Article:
Finding positives from the Baltimore Ravens 44-13 demolecularization over the Cincinnati Bengals could be slightly discouraging. I mean there's the whole 31-point difference that mocks our ever-loving fanaticism. And despite our imitation of becoming Negative Nancys the day after, there were good things to pull from Monday Night's embarrassment. First of all it wasn't really a blow out until the latter stages of the game.
BenJarvus Green-Ellis led the Cincinnati Bengals rushing offense, generating 91 yards rushing on 18 carries for a 5.1 yard/rush average and a touchdown. Faced with a third (or fourth) and short (two yards or less) four times, Green-Ellis converted all four with gains of 13, 12, 4 and a six-yard score that gave Cincinnati their lone touchdown of the evening.
"I thought we did a good job of that - third and short, picking up first downs, doing things like that," said quarterback Andy Dalton after the game. "We had a lot of long drives there. I felt like we were in the game."
With 27 seconds remaining in the first half, down 17-3, BenJarvus Green-Ellis takes the third-and-one handoff from Baltimore's six-yard line. Devastating blocks across the offensive line generated a lane so massive, Green-Ellis appeared somewhat surprised. Finally with Ravens defenders pounding on the running back, Green-Ellis fought, spun, dug, drove keeping his body off the ground long enough for him to stretch out and eclipse the goalline for a touchdown.
As a team the Bengals posted 129 yards rushing on 28 carries for a 4.6 yard/rush average.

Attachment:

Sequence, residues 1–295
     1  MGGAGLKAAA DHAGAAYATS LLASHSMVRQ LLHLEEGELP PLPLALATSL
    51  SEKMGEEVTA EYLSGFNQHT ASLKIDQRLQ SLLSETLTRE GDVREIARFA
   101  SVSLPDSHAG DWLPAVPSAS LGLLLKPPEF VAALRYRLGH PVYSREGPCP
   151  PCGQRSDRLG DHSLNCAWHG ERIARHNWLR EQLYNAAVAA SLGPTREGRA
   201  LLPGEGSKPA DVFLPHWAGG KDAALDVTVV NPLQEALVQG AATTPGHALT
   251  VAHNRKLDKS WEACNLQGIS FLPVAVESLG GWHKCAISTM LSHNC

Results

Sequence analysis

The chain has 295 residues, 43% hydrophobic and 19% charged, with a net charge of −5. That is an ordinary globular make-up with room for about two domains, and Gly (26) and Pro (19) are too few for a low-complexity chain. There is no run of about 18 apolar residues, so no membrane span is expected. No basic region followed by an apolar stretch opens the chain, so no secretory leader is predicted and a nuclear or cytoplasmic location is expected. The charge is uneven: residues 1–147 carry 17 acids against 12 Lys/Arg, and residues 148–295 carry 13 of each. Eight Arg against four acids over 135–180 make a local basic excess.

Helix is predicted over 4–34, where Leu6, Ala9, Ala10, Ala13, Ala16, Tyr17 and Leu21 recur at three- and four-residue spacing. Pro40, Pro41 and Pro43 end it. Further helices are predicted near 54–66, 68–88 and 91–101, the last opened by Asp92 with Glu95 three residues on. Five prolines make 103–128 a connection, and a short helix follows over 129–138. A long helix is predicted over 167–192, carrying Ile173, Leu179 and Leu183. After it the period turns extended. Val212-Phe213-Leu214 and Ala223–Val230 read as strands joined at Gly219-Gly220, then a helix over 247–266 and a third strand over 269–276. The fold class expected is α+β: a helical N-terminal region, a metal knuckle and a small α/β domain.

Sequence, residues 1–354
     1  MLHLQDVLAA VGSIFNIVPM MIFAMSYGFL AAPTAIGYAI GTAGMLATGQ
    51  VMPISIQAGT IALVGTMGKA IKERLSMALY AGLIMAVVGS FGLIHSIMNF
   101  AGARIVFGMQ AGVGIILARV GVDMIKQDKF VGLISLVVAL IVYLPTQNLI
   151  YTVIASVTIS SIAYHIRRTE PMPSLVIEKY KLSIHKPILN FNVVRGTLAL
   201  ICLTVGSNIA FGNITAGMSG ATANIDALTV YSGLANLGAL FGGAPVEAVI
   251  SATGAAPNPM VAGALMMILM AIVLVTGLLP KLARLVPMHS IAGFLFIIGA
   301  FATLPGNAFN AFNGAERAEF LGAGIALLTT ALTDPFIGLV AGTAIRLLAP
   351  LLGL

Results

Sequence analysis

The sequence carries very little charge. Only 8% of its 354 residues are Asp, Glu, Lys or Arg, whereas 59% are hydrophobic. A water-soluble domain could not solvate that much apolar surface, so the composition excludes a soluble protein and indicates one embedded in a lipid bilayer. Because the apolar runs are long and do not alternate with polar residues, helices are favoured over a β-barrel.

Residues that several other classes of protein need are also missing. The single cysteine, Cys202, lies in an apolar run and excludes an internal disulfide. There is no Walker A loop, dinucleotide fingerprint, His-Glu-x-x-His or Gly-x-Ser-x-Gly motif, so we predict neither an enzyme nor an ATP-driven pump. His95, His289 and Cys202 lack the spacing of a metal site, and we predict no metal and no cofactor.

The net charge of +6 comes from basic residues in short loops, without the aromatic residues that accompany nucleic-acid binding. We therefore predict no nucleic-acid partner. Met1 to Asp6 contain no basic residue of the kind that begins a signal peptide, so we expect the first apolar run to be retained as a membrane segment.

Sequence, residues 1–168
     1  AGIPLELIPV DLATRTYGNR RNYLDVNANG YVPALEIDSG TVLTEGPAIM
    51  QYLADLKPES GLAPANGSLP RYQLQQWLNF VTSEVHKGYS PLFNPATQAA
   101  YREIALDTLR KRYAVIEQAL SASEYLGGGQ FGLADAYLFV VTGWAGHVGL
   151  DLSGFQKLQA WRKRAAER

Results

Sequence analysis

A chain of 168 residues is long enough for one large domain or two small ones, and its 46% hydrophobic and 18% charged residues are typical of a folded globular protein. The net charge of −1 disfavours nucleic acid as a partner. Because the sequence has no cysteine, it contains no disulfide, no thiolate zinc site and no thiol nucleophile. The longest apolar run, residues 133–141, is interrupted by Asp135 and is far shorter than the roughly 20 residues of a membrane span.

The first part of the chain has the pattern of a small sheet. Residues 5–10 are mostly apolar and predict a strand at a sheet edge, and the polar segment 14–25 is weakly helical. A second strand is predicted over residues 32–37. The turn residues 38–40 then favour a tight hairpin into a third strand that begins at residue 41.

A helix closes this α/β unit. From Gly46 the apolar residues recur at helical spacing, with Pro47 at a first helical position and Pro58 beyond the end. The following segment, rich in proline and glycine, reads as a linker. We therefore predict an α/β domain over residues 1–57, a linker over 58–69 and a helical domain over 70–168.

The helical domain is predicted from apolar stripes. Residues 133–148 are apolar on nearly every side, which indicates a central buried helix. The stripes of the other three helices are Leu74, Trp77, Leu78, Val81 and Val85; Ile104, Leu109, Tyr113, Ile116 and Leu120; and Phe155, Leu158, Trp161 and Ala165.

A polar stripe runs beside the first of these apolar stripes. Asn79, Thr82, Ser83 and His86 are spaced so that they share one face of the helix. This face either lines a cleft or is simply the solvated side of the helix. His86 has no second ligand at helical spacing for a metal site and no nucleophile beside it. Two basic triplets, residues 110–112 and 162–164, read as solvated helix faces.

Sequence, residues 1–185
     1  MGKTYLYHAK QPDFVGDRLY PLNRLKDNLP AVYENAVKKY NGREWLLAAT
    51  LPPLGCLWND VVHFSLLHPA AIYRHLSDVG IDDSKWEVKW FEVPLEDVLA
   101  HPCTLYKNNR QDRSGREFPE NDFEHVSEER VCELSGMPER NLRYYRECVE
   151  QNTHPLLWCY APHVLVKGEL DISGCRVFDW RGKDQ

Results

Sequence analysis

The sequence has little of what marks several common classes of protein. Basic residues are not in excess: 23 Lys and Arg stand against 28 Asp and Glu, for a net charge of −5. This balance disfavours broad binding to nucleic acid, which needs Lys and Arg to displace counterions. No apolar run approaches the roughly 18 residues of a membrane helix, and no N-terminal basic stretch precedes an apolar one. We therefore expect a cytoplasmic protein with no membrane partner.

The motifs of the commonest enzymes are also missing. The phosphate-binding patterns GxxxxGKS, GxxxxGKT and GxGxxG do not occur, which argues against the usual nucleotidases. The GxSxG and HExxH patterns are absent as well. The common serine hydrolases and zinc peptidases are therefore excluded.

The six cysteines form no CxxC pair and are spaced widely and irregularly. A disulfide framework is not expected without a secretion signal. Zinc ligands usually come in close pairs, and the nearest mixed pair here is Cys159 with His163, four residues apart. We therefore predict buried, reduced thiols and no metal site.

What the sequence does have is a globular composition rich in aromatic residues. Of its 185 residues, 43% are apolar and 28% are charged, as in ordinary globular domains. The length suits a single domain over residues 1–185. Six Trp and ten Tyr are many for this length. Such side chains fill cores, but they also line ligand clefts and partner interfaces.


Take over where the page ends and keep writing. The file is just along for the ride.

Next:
"All in all, I think our ability, schematically, in running the football, was good," said Bengals head coach Marvin Lewis. "But again, when you sit there and get your butt kicked like that, there aren’t a lot of positives to take out of it."
Much of his success however has to be attributed to the offensive line. After the game starting left tackle Andrew Whitworth praised the younger players:
"With the group we had to throw together on the line, I’m very proud. We did a great job against a great team and we did it in a very tough place to play. We just didn’t get to finish some drives and that hurt us. We needed to get touchdowns instead of field goals. We had a chance to play well on the big stage tonight and it’s disappointing because we couldn’t do that."
Cincinnati's newest offensive lineman Jeff Faine, tasked with Pro Bowl nose tackle Haloti Ngata, agreed.
"I thought we did a decent job running the ball. I wish it was a tighter game. I wish we could have kept running it. (Green-Ellis) was getting some really good runs. He was running really hard. The one near the end zone where he kind of muscled through three guys to get that touchdown was huge. Hopefully we play just a little better, execute a little better and keep the run going a little longer throughout the game."
The Bengals rushing offense averaged 4.6 yards/rush Monday night against historically one of the toughest rushing defenses in the league. Case in point: Cincinnati's average was the highest they've had against the Ravens since generating a 4.8 yards/rush average on December 7, 2003.
The team's rushing offense resurgence in the first game of the year may translate into the season, with the next five games against rushing defenses that finished outside of the top-ten last year. A trend that could be enhanced once Bernard Scott makes his way back, projected against Cleveland this Sunday.